Danone-Yili Beverage Company announced that its Longmen factory located in Huizhou formally ended its operation on Jan 16.
The halt in operation came as a result of business restructuring to adapt to the changing market conditions, the firm said.
“In order to adjust to the rapidly changing local market, materialise sustainable development for the company, Danone China Beverage has assessed its business development strategies, and has decided to restructure the business, ending the manufacturing and sales of bottled Yili mineral water,” the company said in a statement.
Affected workers would be facing contract termination or would be reassigned to other vacancies available in Danone China.
The company will continue its gallon bottled water business in China.
Three years ago, Danone also gave up mineral water brand “Robust” – a Chinese home-grown brand which it had acquired in 2000.
At present, the bottled mineral water market in China is dominated by six brands, including Nongfu Spring, Master Kong, Wahaha, Ganten, C’estbon, and Ice Dew from Coca-Cola.
As of June last year, home-grown Ganten is the fastest growing brand, garnering 9.6% of the market share, trailing only hot-favourites Nongfu Spring (26.4%) and C’estbon (20.9%), according to Beijing Business Today.
This happened against the backdrop of a highly saturated bottled mineral water market.
A Mintel report found said that “it was only a matter of time before market saturation starts to inhibit growth potential for bottled water brands, especially amidst intensified competition in the wider beverage market.”
However, the report also stated that there are opportunities for growth, which is especially so in the premium product category.
“With more Chinese consumers drinking bottled water, brands are under pressure to differentiate themselves from rivals. Despite a saturated market, innovation opportunities still exist, and premiumisation remains key for value market growth.”
Chinese venture facing backlash
Ganten had faced backlash from Australians for becoming the “official water” of Australia Open, an tennis tournament that takes place in Melbourne during January each year.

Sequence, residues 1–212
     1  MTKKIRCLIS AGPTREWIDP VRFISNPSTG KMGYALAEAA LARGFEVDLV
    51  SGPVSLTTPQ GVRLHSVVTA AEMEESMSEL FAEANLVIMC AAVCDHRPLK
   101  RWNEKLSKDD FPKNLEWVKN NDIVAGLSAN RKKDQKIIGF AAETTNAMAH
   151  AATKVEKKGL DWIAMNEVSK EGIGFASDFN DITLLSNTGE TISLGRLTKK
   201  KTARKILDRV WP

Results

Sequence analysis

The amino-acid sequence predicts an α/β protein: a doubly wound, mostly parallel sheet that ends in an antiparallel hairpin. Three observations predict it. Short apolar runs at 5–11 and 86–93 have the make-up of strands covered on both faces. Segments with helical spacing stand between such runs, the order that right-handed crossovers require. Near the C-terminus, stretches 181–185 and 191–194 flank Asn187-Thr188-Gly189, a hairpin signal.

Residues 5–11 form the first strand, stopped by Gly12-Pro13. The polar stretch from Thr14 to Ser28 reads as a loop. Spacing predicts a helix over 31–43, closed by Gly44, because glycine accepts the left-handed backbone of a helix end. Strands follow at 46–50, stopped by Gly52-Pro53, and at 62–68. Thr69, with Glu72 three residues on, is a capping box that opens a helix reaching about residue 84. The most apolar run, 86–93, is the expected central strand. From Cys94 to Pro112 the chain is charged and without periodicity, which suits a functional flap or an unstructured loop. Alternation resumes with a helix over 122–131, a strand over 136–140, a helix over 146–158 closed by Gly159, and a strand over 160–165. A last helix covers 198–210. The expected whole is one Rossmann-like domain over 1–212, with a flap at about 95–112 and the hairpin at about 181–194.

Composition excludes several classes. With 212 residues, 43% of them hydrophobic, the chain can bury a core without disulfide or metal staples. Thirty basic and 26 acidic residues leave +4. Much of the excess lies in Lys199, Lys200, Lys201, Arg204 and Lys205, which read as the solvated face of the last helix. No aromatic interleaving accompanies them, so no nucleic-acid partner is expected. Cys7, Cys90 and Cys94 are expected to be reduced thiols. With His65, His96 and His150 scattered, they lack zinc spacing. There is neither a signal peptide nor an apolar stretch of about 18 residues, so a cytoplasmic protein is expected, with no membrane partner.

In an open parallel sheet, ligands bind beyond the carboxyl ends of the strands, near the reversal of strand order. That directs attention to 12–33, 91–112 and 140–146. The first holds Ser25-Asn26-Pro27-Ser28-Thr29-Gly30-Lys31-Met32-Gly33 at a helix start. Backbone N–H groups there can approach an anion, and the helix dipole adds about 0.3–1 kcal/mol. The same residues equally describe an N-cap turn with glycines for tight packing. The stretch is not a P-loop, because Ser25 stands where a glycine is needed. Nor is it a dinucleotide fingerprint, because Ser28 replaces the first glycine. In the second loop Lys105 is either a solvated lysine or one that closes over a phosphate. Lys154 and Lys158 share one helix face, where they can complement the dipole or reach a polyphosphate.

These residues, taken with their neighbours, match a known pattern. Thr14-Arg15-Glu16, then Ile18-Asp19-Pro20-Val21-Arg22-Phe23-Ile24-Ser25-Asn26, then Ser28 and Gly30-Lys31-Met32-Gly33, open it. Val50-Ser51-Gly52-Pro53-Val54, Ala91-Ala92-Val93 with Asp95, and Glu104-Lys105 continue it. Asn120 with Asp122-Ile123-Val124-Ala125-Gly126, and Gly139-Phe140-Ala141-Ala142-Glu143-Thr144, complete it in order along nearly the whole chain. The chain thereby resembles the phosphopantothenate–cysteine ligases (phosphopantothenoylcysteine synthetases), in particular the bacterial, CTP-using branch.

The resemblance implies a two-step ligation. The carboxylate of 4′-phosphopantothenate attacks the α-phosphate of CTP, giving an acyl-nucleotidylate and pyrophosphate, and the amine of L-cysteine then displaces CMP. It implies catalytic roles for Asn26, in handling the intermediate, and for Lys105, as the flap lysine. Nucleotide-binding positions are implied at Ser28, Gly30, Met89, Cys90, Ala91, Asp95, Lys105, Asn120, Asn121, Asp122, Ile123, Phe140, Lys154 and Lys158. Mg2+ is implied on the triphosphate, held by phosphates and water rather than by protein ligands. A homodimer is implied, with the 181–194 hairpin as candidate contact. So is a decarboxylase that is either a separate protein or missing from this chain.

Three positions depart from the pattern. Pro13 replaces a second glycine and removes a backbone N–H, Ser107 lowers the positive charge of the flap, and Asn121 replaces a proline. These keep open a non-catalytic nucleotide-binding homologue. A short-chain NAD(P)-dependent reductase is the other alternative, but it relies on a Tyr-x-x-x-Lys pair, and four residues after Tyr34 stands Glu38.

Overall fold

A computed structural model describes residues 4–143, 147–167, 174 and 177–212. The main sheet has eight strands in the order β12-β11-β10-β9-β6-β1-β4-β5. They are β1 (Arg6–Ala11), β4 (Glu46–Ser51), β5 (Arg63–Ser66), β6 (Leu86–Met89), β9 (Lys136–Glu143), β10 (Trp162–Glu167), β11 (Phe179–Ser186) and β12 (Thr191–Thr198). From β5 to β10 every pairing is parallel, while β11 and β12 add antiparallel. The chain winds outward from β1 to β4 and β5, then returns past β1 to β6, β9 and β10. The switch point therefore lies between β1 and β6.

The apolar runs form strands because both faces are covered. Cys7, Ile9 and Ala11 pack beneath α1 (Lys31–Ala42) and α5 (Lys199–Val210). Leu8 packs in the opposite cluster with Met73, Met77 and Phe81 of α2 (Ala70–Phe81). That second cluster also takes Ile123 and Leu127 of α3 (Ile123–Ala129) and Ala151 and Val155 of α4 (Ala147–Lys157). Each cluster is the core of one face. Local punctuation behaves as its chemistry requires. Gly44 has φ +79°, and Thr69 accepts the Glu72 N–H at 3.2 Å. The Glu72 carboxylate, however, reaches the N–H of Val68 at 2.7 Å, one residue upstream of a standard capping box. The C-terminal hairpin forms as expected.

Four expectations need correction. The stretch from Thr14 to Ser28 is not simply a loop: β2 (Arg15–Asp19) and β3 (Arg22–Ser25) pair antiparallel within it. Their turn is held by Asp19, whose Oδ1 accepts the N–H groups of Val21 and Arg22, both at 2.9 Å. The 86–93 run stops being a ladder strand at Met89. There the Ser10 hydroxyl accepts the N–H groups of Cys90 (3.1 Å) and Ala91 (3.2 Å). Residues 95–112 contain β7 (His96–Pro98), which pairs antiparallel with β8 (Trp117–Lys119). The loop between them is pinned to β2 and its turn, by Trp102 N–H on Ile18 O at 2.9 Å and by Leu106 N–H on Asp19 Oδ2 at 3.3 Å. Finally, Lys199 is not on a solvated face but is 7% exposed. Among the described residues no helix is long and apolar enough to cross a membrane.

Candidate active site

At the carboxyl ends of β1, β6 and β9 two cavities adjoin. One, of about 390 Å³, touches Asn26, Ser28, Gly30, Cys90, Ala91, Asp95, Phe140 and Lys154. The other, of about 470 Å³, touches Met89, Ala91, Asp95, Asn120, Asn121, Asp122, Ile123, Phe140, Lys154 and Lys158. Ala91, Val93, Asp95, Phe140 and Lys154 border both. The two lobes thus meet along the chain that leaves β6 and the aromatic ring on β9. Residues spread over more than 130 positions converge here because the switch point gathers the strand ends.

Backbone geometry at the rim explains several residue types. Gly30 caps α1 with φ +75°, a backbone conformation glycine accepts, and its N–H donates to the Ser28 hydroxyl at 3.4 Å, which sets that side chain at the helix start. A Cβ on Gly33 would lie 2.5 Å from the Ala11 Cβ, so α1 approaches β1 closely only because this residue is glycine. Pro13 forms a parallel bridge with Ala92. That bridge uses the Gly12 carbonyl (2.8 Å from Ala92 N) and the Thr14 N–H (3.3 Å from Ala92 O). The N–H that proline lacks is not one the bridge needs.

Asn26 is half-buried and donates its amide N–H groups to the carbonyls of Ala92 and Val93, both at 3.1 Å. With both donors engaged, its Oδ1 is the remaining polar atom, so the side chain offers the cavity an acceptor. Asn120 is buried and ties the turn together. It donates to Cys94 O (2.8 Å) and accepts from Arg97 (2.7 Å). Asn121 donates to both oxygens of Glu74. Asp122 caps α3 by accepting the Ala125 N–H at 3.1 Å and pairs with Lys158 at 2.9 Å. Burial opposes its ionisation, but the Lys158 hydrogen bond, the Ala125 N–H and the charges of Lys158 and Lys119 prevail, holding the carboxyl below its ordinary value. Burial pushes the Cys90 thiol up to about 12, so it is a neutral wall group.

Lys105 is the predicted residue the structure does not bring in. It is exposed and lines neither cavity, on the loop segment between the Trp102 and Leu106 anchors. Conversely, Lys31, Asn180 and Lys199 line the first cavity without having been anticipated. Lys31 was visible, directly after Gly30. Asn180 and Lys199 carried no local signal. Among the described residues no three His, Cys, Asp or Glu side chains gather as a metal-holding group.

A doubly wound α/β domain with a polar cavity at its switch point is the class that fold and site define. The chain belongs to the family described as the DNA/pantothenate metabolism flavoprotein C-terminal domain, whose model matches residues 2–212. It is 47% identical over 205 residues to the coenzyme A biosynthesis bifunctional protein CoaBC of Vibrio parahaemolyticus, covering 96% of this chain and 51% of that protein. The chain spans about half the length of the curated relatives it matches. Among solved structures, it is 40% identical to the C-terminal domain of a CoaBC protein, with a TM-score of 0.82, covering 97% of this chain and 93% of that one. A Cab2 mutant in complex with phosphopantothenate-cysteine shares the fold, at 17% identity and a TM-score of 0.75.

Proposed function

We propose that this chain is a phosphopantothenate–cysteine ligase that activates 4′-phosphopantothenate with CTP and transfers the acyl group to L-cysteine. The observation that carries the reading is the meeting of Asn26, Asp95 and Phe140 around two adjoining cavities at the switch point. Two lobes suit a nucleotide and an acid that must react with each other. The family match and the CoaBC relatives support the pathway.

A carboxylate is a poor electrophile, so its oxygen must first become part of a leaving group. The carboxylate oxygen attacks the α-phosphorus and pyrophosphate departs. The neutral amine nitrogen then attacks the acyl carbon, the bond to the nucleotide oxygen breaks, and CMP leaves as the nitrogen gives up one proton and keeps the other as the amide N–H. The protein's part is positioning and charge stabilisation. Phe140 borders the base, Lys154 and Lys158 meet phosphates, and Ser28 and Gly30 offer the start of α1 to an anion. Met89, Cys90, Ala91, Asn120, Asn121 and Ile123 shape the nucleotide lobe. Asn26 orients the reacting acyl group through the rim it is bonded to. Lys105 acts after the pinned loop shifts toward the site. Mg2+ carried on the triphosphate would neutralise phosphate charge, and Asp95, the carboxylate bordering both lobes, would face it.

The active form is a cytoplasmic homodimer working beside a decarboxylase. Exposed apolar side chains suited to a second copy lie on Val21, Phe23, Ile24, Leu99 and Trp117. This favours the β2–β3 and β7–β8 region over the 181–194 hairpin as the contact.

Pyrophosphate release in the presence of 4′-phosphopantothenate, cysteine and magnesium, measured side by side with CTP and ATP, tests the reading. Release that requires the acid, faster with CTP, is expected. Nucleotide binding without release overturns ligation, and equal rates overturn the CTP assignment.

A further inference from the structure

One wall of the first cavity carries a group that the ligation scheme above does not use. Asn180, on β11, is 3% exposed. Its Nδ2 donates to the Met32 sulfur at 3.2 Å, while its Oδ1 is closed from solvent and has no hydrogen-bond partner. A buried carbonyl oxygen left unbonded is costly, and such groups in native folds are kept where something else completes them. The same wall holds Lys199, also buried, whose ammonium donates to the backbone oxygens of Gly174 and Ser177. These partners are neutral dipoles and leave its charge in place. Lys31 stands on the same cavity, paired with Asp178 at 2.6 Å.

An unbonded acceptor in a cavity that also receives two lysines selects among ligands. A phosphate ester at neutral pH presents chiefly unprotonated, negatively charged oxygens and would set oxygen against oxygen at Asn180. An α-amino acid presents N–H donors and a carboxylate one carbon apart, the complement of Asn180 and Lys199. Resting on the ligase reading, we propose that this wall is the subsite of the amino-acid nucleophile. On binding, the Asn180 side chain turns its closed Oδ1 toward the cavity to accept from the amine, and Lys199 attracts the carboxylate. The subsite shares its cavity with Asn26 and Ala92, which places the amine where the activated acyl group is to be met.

The Australians have complained that a home-grown water brand should have been chosen as the “official water” instead, which is especially so when the country is well-known for high safety standards for its food and beverage.
For instance, AusBev CEO Geoff Parker had told The Australian that he would prefer the opportunity to be used for promoting local brands to an international audience.
“It’s perplexing and incongruous that such an iconic Australian sporting event chooses to source its ‘official water’ from China, when there is a plethora of great-tasting, high-quality, safe bottled water brands available here,” he said.
“From an environmental perspective, there must be a question mark over the carbon footprint of Chinese water being bottled and packaged in China and imported.”
In fact, Tennis Australia had signed a four-year contract with Ganten last year.
In response to public dismay, Tennis Australia said in a statement that Australia Open is a global event with “a long history of partnering with international brands.”
“Ganten water is a premium brand that is associated with other major tennis and sporting events.
“The Australian Open continues to expand its global reach and partnerships, which helps to grow the sport at all levels in Australia,” it added.